Quick Question: Are iPhones Hygenic?

motoleo

macrumors 6502a
Original poster
Jan 27, 2012
904
1
Maybe I've been doing this wrong all along, but how are you supposed to hold the iPhone? Is it supposed to touch your face when you're holding it to your ear? Or do you just hold it by the metal band, suspended in the air? iPhones look so clean in the commercials, but theyre actually very dirty items. What would happen to your face if the touch screen touched it?
 

scaredpoet

macrumors 604
Apr 6, 2007
6,626
342
iPhones are as clean as you make them, or as dirty as you make them. just like any other phone out there. If your face or hands are dirty, guess what? Your iPhone will be too.

The nice thing is, a simple microfiber cloth cleans 'em right up.
 

motoleo

macrumors 6502a
Original poster
Jan 27, 2012
904
1
Uh, well, you could put your ear to a flip phone without it touching your jaw. This is what I do with the iPhone. My iPhone is naked and it must be wiped down several times daily because of the sweat and fingerprints.

But I'd like to know how you do it (people on this forum).
 

magamo

macrumors 6502
Apr 6, 2009
416
5
I use mine just like any other phone that doesn't have the fancy "i" letter. Just take out the "i" from your iPhone and put it back to your "Hygenic". Don't forget the i before e rule either.
 

motoleo

macrumors 6502a
Original poster
Jan 27, 2012
904
1
I'm going to go back and watch some Apple commercials. I don't know if they encourage you to rest it on your face.

I don't think I've ever seen anyone talk on the iPhone normally in these ads.
 

motoleo

macrumors 6502a
Original poster
Jan 27, 2012
904
1
Huh.
What are you asking again?
This is odd, because I can't find a single advertisement of the iPhone with a person actually talking on the phone. That is so strange.

My question is this: Are iPhones hygenic?

How are you supposed to hold the iPhone? Is it supposed to touch your face when you're holding it to your ear? Or do you just hold it by the metal band, suspended in the air?
 

motoleo

macrumors 6502a
Original poster
Jan 27, 2012
904
1
From the web...
"Families who used glass or plastic cutting board surfaces were close to twice as likely to contact salmonella."

Oh, no...I'm going to wash my face right away!!
 

motoleo

macrumors 6502a
Original poster
Jan 27, 2012
904
1
There's been numerous reports of iPhone and iPad glass crawling with bacteria and viruses.

A study done by Charles W. Hendricks says that a 'natural population of heterotrophic bacteria, including enterics, was observed to sorb to glass surfaces and multiply during the continuous culture of river water.'

In fact, after I bought an iPhone, I've gotten sick 3 times, most than I ever have. I got 2 very bad colds and a ringworm.

I'm going to look into this, because I'm scared now.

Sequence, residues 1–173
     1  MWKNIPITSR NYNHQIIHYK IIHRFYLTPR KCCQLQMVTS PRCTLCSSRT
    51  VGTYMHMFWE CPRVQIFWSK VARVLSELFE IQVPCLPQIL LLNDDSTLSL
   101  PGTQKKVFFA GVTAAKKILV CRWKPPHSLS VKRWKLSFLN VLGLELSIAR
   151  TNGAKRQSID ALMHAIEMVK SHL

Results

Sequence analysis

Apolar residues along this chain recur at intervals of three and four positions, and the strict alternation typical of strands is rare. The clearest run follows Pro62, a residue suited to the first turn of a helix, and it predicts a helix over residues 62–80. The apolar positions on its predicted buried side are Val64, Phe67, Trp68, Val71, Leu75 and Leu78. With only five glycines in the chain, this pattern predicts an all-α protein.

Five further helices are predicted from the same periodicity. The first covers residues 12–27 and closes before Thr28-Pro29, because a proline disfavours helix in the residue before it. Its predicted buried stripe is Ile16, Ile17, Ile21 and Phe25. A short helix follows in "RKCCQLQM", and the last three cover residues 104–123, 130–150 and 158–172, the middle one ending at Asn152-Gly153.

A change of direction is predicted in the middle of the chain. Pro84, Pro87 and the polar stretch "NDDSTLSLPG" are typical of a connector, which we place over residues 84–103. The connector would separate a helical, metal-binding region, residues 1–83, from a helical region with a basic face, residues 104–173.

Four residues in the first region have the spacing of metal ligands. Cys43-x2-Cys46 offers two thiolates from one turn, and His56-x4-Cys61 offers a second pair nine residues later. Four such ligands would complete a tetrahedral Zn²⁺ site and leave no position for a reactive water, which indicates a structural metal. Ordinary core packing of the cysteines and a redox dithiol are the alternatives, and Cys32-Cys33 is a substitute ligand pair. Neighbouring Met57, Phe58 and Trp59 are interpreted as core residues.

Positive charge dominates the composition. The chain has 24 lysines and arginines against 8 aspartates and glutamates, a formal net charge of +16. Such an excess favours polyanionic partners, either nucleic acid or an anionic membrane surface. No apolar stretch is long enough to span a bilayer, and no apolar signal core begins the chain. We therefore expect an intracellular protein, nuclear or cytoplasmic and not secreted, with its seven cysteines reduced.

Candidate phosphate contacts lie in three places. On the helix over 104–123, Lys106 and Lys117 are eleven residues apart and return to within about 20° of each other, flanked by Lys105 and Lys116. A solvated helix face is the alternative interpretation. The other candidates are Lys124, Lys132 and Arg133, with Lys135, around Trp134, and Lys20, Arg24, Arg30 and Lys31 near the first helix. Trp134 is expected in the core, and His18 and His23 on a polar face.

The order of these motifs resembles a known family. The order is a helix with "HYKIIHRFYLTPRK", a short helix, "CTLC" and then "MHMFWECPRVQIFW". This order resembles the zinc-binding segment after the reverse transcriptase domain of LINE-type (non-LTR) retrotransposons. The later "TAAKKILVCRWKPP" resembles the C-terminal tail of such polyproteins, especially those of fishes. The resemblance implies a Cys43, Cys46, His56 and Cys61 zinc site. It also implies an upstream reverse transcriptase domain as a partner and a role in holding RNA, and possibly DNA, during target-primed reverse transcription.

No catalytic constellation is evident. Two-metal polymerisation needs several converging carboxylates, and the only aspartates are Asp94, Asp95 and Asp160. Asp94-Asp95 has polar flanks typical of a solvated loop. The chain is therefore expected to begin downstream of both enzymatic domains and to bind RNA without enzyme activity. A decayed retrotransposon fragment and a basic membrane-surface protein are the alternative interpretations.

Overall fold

motoleo

macrumors 6502a
Original poster
Jan 27, 2012
904
1
Now you’re claiming the iPhone is giving you ringworm????
I never said that. This is a very serious inquiry. The iPhone is dirty. And it gets dirty very quick. I have never seen an advertisement in which Apple shows a person talking on the iPhone holding against their ear. You can't ignore how strange that is.

This has force me to question myself, does bacteria grow at a greater rate in glass than plastic or metal?
 
Last edited by a moderator:

emjaycee18

macrumors regular
Jun 14, 2010
191
4
From the web...
"Families who used glass or plastic cutting board surfaces were close to twice as likely to contact salmonella."

Oh, no...I'm going to wash my face right away!!
The reason that this is true is because that bacteria are harbored in the cuts that are created in the plastic board, not because plastic is less hygienic. If you had a smooth glass surface and a smooth plastic surface they would harbor the same amount of bacteria. This is example is irrelevant.
 

stickybuns

macrumors 6502
Oct 22, 2011
384
0
Yes, your iPhone was assembled in an environment that is as clean/sterile as possible. With such tiny internal components, all smartphones need to be manufactured in dust free spaces. Likewise, oil from the workers' fingers can be transferred (imagine getting a fingerprint on the inside of the glass!), so gloves are worn.

Yes, as with any item that is held close to the face, germs may be transferred to the surface. According to the Mayo Clinic, flu germs can survive up to 48 hours outside the human body. Wash your hands and face with soap and water, especially after sneezing, and avoid sharing your phone with folks who show signs of being ill. If you are the sole user of the phone, any germs present on your phone will likely be your own.

The actors in the iPhone commercials hold the phone away from their faces because the marketing department at Apple would like potential customers to see the phone as clearly as possible.